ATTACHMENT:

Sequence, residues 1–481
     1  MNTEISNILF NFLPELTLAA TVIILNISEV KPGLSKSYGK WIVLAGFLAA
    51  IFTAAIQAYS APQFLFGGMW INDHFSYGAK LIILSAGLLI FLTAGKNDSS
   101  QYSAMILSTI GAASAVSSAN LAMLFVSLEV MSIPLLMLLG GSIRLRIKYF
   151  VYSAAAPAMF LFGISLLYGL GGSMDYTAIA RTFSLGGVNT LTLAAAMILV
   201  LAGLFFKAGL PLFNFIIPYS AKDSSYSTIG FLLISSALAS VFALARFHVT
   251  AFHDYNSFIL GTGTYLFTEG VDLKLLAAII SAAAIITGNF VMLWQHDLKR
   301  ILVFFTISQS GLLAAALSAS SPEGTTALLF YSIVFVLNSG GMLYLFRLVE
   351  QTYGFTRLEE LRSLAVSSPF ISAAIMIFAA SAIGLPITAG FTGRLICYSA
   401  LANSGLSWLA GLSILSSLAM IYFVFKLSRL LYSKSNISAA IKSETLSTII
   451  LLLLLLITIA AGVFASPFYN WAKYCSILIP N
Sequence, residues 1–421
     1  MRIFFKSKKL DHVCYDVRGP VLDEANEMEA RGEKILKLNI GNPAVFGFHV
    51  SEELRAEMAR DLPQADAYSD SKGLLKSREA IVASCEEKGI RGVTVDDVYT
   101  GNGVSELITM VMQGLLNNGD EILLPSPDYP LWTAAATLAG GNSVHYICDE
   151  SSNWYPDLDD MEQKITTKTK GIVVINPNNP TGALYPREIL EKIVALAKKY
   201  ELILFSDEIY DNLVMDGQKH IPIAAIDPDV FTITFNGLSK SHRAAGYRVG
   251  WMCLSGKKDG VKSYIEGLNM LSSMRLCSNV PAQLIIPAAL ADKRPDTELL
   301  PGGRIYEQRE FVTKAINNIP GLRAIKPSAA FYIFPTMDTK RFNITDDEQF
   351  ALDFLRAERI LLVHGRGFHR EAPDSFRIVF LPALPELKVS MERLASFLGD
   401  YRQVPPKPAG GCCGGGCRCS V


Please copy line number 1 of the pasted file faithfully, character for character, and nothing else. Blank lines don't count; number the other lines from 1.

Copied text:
Sequence, residues 1–481